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The Master's class in power politics

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2007-06-25 Times.jpg

  • Publication: The Times
  • Date: 2007-06-25
  • Author: Hannah Betts
  • Page: Times2, p. 19
  • Language: English

Doctor Who



This weekend we heard a good deal about a power-crazed British prime minister who exploited his magnetic personal appeal with scant regard for democracy oh a course to world domination. The BBC's take came in the form of a crop-haired John Simm (aka Sam Tyler in Life on Mars), camping it up as the Doctor's old adversary, the Master, in Doctor Who. Meanwhile, Channel 4 took a disappointingly uncampy approach in the form of one T. Blair, who did not sport any sort of new haircut at all in The Rise and Fall of Tony Blair.

For this second instalment of the season's three-part finale, the Master had not only regenerated, but reinvented himself as a premier by the name of Harold Saxon, which surely should have set BNP alarm bells ringing. Popular yet sans policy, psychopathically dismissive of Cabinet politics, uxorious with a creepy spouse, Saxon clearly bore no relation to any PM in living memory. Anyone who, like me, had inadvertently lost track of matters Tardis will have found themselves astonished by the spectacle before them. The Doctor's.. re-creator, Russell T. Davies, has expressed his admiration for Joss Whedon, the genius behind Buffy the Vampire Slayer, and the series gets Buffier by the moment: witty, literate, sophisticated, and revelling in postmodern panache. Blink, the episode preceding this trilogy, was awesomely terrifying in the manner of Whedon's Emmy Award-nominated silent episode of Buffy entitled Hush. Like Who of old, it undoubtedly scarred a generation of children, by which I obviously mean my 36-year-old self — three weeks on, and I still cannot pass a statue less than goggle-eyed.

There's another pleasing aspect to all this Buffiness: a certain — let us express it in Blair terminology — sexing up of proceedings. The Doctor of yore had a thing for earthlings, but it was very much a platonic thing, any dodginess sublimated into tearing the heads off jelly babies. Even for an alien he was borderline autistic. Sure, he got a tad moody when Adric bought it after stuffing his maths badge up the Cyberman empire, yet he proved impervious even to Peri's breasts.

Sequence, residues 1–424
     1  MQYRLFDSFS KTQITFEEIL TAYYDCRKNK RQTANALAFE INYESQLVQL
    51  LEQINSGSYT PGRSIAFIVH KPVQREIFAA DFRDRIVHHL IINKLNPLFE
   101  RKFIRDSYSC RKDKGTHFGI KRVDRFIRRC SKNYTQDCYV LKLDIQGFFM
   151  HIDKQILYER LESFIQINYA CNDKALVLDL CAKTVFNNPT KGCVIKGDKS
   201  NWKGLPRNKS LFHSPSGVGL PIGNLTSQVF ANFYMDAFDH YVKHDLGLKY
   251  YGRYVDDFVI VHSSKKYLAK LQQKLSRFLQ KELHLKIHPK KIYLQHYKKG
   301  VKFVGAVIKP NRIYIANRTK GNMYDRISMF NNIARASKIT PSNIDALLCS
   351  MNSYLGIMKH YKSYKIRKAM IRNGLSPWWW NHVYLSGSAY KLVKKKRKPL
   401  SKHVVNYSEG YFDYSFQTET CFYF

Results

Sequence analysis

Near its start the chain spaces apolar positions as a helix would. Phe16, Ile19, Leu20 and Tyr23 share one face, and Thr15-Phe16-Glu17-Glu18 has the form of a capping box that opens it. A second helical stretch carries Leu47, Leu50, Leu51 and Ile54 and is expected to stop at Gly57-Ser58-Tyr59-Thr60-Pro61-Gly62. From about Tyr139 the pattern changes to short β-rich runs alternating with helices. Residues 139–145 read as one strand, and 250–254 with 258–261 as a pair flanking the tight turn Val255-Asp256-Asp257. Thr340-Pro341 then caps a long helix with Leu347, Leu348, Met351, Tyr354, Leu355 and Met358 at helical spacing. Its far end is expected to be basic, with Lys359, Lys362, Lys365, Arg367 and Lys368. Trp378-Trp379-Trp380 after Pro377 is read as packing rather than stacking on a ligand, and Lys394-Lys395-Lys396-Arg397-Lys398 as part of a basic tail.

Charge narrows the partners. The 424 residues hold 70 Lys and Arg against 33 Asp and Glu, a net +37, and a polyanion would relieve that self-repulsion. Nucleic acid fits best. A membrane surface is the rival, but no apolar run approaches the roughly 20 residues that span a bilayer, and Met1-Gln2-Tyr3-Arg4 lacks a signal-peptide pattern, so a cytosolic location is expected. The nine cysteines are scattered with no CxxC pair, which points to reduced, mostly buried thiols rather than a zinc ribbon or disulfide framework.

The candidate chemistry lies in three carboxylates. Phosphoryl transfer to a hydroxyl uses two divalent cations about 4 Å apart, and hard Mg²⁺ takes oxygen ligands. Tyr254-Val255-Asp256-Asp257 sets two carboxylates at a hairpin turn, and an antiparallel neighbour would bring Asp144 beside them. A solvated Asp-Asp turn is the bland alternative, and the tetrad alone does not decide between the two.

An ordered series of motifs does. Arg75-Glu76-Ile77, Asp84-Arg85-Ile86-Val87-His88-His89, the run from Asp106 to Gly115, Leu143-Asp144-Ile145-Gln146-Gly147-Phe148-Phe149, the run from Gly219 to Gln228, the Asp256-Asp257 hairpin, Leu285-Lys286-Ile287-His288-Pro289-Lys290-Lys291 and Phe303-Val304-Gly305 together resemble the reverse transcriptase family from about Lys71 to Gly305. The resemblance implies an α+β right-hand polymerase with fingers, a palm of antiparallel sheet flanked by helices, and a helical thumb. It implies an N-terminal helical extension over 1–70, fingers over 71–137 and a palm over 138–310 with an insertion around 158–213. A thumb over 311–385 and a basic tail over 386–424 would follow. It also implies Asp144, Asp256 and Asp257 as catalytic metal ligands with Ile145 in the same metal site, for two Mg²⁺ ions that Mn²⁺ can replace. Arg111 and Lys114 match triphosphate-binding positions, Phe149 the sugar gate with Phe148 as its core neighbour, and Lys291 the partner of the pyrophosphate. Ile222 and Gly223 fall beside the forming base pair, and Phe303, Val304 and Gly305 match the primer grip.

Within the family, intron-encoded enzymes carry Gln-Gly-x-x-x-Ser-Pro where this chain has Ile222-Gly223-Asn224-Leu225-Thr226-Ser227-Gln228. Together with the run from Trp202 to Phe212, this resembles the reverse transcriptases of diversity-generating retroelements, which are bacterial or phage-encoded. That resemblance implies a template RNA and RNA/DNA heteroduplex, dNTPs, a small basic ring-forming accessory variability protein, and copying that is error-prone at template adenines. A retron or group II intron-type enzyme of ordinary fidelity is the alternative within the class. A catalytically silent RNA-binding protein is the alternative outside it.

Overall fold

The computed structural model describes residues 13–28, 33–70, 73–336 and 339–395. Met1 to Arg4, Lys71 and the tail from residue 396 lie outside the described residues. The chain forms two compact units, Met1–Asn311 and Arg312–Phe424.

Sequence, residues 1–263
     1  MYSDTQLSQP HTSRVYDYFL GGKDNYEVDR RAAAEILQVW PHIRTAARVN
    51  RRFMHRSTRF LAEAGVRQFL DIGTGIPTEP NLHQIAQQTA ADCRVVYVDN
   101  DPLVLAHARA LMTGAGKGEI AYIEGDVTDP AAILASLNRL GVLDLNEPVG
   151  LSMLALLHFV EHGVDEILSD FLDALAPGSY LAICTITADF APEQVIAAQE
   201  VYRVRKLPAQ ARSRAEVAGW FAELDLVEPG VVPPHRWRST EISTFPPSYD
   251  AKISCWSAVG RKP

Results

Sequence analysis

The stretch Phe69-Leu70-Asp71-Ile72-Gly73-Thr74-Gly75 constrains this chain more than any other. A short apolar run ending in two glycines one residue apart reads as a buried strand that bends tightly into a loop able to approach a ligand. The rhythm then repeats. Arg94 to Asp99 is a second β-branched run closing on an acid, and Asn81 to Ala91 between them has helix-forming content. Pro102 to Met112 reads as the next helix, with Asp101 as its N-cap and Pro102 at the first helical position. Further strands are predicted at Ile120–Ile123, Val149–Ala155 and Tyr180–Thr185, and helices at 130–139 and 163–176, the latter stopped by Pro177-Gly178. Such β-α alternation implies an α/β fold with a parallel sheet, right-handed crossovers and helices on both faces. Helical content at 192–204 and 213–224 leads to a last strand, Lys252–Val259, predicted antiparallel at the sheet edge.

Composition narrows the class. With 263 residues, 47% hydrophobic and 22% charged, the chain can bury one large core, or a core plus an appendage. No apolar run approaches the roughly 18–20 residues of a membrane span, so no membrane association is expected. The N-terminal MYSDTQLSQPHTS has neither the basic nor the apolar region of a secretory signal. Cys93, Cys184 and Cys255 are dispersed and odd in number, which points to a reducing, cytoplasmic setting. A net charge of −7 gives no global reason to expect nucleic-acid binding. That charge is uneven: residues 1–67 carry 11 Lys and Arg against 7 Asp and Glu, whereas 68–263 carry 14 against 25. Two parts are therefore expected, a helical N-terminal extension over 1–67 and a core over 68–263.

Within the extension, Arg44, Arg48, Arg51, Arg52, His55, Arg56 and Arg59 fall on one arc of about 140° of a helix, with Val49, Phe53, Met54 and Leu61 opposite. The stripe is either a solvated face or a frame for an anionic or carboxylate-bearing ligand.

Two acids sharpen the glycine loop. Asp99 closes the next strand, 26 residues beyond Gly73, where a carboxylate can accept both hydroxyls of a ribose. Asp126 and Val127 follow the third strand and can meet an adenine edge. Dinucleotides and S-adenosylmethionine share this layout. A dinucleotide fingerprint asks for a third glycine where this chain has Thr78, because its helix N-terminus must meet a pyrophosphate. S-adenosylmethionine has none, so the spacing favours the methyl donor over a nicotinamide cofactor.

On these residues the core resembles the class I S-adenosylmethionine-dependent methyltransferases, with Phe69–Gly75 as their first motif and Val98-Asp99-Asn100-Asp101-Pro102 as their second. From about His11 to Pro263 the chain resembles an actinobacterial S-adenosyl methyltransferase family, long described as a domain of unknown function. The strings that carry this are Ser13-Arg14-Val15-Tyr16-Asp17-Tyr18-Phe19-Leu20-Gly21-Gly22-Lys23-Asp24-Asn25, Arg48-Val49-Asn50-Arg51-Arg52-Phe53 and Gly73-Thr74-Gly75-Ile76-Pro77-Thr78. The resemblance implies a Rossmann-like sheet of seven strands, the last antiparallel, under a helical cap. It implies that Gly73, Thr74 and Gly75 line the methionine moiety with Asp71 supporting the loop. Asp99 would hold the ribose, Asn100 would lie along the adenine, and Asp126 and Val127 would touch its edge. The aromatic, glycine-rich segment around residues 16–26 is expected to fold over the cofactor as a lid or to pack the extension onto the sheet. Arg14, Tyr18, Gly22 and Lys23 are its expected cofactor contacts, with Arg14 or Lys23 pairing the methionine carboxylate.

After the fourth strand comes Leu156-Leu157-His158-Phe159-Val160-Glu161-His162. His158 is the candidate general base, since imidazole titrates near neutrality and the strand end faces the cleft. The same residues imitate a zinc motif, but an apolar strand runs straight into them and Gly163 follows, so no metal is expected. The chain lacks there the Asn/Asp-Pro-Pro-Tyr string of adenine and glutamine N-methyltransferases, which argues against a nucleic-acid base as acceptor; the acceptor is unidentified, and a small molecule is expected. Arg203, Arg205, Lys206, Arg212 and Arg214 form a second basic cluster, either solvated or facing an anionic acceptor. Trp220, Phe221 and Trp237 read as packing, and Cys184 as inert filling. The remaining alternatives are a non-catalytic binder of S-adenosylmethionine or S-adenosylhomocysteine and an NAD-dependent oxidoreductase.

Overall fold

These days, he spends his entire time getting it on, or inspiring such getting. Martha loves the Doctor, the Master loves the Doctor, the Doctor loves the Master, Captain Jack — who is both Arthur and Martha — loves everyone regardless of gender or, indeed, species. Jack is a gay icon one does not even have to take the trouble to fantasise about converting, the man/being is the very embodiment of intergalactic miscegenation. Recently, the Doctor even referred to having possessed a wife. (My money is on the first Romana, rather than the one that left him for Richard Dawkins.) I have no idea what will happen in next week's denouement — a seismic revelation is promised — and I wouldn't want it any other way.

Alas, the same cannot be said for the forthcoming week of Blair memorials, coalescing as a sort of Which Blair Project. Do we opt for nice, smiley, altered-the-centre-ground-of-politics Blair — or evil, axis-aggressing, body bag accruing Tone? Rory Bremner, Alison Jackson and pretty much everyone else will all be having a crack over the next few days.